As photographers, we're always wanting to improve our technique and learn now ways we can take better photos. So, to help you do this, here's three challenges you can set yourself which will not only get you thinking a bit differently but they'll also help you think more about composition and as a result, you'll hopefully produce better photos.
1. Choose One Spot And Stay There
When you're out taking photos it's easy to walk and click so you take lots of photos of everything that are good, but not 'wow'. By sticking to just one spot in one location, you may start to notice things about it that you'd usually miss. You don't actually have to travel a great distance to try this either as by picking one spot in your home or garden to take photos from you'll probably discover photo opportunities you didn't even know existed until you actually took the time to slow down and really open your eyes. Play with your zoom, change your angle and pay attention to your composition and the light. Also, simple things such as focusing on colour or texture can completely change the look / feel of a shot, too.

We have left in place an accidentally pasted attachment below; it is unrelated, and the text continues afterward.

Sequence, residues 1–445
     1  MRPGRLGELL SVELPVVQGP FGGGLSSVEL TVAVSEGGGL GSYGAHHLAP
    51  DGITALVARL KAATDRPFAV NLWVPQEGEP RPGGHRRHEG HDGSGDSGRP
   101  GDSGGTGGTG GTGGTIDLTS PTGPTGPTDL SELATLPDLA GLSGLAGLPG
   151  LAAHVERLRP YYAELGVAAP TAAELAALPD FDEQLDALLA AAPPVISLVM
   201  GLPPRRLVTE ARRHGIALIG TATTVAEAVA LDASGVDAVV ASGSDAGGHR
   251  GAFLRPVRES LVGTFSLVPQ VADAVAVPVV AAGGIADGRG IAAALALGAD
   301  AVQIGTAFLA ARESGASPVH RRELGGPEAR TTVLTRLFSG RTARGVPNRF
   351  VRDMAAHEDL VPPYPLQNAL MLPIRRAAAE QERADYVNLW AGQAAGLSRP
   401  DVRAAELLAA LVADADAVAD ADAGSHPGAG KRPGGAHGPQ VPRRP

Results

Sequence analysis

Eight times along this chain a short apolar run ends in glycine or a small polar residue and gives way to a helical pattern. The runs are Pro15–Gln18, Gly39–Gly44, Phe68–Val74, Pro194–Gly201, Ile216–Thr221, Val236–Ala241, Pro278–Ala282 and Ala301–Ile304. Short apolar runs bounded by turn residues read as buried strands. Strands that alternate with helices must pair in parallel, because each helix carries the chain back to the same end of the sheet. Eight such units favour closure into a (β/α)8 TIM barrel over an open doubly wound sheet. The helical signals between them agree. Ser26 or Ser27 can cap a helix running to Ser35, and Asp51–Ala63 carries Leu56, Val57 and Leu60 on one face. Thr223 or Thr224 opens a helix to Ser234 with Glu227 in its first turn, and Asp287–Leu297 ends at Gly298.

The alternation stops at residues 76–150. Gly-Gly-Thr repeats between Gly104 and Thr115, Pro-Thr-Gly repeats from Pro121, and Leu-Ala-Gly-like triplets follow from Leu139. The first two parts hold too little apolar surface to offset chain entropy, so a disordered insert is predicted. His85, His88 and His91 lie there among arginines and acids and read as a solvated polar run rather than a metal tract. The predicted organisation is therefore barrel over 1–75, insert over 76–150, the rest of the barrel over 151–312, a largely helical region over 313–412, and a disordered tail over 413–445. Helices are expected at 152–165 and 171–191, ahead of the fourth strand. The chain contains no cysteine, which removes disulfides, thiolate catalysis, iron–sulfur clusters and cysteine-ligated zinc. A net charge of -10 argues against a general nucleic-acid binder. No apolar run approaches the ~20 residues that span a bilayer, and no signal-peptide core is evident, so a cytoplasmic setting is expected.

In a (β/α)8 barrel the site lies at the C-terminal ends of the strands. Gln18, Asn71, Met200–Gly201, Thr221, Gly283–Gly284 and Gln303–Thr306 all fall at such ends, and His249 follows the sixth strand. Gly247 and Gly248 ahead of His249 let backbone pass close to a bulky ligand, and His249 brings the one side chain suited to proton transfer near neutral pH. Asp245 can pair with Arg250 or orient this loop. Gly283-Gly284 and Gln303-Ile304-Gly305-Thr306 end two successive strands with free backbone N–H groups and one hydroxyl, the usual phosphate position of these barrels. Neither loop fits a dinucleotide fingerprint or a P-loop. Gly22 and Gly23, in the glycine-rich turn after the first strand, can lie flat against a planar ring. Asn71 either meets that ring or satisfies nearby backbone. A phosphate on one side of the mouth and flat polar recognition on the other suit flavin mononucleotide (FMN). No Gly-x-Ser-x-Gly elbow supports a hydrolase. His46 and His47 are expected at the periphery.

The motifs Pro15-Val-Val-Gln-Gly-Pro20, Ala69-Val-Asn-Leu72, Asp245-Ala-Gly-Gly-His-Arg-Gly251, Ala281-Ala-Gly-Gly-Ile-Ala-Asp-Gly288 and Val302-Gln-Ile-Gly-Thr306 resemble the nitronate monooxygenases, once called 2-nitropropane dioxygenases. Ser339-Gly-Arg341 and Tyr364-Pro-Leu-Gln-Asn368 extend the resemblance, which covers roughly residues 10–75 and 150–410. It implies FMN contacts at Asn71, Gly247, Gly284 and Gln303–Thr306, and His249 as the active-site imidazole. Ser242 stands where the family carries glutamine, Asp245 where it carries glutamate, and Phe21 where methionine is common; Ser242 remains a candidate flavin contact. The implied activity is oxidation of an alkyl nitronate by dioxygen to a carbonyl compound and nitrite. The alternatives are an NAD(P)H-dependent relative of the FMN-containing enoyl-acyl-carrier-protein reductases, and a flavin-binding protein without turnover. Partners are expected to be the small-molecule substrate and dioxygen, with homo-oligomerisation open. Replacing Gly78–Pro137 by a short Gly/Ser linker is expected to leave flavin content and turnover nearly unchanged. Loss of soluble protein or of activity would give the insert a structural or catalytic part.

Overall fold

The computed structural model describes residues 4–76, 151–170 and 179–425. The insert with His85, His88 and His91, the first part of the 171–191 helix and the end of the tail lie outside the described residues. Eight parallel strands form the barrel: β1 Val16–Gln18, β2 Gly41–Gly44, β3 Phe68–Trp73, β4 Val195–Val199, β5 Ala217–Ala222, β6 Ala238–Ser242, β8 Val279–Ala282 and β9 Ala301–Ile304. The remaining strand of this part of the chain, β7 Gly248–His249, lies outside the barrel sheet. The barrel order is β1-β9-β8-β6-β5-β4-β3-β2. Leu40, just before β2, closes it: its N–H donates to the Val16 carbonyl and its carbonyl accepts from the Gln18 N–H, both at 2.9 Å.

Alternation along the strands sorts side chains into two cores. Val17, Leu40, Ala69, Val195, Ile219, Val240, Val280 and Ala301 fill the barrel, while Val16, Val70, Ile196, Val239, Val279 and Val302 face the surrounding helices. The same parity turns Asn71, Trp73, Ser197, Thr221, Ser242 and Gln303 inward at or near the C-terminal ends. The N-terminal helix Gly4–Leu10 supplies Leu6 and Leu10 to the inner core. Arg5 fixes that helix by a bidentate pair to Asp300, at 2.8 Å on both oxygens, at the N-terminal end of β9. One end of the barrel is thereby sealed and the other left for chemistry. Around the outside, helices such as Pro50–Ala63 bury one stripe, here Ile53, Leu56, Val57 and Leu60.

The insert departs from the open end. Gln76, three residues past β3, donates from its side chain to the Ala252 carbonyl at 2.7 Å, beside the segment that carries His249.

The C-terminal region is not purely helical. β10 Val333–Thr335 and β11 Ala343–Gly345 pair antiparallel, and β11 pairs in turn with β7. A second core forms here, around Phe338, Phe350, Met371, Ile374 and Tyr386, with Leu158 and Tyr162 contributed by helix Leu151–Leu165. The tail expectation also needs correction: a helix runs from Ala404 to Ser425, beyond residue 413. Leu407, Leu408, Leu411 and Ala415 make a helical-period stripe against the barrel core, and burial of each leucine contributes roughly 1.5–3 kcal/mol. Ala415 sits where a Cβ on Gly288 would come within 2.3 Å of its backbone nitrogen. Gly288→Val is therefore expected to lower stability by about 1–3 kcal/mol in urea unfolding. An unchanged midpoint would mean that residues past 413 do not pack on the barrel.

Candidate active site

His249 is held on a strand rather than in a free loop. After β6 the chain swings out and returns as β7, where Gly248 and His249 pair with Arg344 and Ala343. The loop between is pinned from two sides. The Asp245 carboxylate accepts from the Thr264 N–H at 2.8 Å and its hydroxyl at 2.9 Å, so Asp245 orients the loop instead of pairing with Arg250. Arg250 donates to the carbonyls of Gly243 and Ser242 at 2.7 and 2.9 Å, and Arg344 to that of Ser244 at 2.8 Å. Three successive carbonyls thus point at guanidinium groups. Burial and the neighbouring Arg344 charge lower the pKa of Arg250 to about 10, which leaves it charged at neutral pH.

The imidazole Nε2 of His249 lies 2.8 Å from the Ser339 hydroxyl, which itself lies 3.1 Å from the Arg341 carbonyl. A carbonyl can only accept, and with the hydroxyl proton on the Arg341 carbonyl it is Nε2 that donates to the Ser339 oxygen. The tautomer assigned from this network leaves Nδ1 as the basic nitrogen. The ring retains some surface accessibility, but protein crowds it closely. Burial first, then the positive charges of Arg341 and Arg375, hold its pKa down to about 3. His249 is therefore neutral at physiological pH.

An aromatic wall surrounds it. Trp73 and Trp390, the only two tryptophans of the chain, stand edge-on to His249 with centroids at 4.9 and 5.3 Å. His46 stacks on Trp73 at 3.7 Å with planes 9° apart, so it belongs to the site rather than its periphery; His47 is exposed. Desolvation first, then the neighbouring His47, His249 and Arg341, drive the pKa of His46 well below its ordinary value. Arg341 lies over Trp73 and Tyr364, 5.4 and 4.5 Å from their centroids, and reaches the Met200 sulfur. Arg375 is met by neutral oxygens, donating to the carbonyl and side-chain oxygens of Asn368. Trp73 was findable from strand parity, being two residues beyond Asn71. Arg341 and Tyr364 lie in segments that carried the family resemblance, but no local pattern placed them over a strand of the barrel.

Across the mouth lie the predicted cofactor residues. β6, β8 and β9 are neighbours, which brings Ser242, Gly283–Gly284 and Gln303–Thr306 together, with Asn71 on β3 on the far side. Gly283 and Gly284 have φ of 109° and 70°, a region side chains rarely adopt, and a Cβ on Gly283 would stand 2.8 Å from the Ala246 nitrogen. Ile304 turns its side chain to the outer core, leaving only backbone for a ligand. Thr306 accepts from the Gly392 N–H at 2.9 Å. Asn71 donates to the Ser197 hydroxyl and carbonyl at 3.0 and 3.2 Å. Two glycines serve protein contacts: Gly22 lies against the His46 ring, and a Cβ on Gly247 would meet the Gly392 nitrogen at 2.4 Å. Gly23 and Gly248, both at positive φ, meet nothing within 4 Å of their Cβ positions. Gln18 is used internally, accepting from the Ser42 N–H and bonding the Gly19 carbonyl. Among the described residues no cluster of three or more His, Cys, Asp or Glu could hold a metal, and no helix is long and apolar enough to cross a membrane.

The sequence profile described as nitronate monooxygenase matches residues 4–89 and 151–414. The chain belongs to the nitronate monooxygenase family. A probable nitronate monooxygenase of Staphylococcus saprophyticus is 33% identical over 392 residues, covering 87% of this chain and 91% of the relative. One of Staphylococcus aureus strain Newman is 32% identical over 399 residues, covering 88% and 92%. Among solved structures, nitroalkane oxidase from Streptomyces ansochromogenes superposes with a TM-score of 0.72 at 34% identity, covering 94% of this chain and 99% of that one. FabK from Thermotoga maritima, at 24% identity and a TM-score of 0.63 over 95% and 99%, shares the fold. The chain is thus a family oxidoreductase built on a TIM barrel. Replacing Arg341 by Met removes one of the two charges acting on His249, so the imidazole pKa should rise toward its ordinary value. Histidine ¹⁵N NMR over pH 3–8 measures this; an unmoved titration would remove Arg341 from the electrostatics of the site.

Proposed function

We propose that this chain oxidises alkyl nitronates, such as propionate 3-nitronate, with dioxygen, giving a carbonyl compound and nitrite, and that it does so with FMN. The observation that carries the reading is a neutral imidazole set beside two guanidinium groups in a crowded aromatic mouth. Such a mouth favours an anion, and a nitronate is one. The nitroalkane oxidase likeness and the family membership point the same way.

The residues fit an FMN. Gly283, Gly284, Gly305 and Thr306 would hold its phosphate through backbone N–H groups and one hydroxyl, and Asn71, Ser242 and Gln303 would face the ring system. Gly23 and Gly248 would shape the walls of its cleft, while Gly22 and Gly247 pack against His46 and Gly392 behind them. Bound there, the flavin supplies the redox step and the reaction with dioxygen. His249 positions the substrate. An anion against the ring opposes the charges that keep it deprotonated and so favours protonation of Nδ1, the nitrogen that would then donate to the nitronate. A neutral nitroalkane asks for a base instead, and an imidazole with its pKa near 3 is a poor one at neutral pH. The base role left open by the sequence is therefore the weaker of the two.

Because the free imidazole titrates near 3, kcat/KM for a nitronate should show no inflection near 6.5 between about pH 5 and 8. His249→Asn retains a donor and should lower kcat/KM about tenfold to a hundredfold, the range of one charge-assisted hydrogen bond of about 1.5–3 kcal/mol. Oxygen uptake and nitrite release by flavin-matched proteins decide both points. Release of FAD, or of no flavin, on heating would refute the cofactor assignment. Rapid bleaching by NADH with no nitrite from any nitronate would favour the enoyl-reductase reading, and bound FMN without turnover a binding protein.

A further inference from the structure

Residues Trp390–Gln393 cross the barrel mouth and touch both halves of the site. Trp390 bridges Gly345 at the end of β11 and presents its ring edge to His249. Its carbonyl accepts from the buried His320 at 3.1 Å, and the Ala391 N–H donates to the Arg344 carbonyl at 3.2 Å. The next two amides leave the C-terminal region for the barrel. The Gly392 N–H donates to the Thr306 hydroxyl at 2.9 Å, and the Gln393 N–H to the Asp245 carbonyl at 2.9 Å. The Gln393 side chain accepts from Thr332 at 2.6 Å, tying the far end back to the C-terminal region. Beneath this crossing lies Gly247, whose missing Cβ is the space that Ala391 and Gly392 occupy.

Photos by Rick Hanson which show what you can capture by staying in one spot in our garden.
2. Don't Take So Many Photos
Why not limit the number of shots you can take in one location? To really set a challenge, only take one photo in each location you're stopping to take a photo. By doing so you'll really think about your composition and study the scene in front of you to ensure you've found the best spot possible to take your one photo in. Don't forget to assess the light, too as you may find that waiting for the sun to shift position could help you create a better shot. You don't want to lose good light, though so pay attention to how clouds are moving and hit the shutter button before it's too late.
If you find this too restricting try setting a shot limit before you head out of the door and make sure you stick to it. By doing so you should be able to improve the quality of the images you take as you'll be finding the best shots through planing and careful thought.
Don't hit the shutter button too much.
3. Use Less Equipment
Instead of carrying a bag full of lenses why not just use one that has a fixed focal length? By doing so, you'll really need to think about what you're going to photograph because without a zoom your focal length is limited so rather than relying on the lens to do the work you have to get those grey cells warmed up and your feet moving to find a position/shot that works.
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